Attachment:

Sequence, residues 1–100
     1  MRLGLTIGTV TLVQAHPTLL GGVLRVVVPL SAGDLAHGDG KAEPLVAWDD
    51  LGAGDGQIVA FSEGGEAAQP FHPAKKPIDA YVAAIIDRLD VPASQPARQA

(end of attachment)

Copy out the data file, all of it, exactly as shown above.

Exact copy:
Sequence, residues 1–100
     1  MRLGLTIGTV TLVQAHPTLL GGVLRVVVPL SAGDLAHGDG KAEPLVAWDD
    51  LGAGDGQIVA FSEGGEAAQP FHPAKKPIDA YVAAIIDRLD VPASQPARQA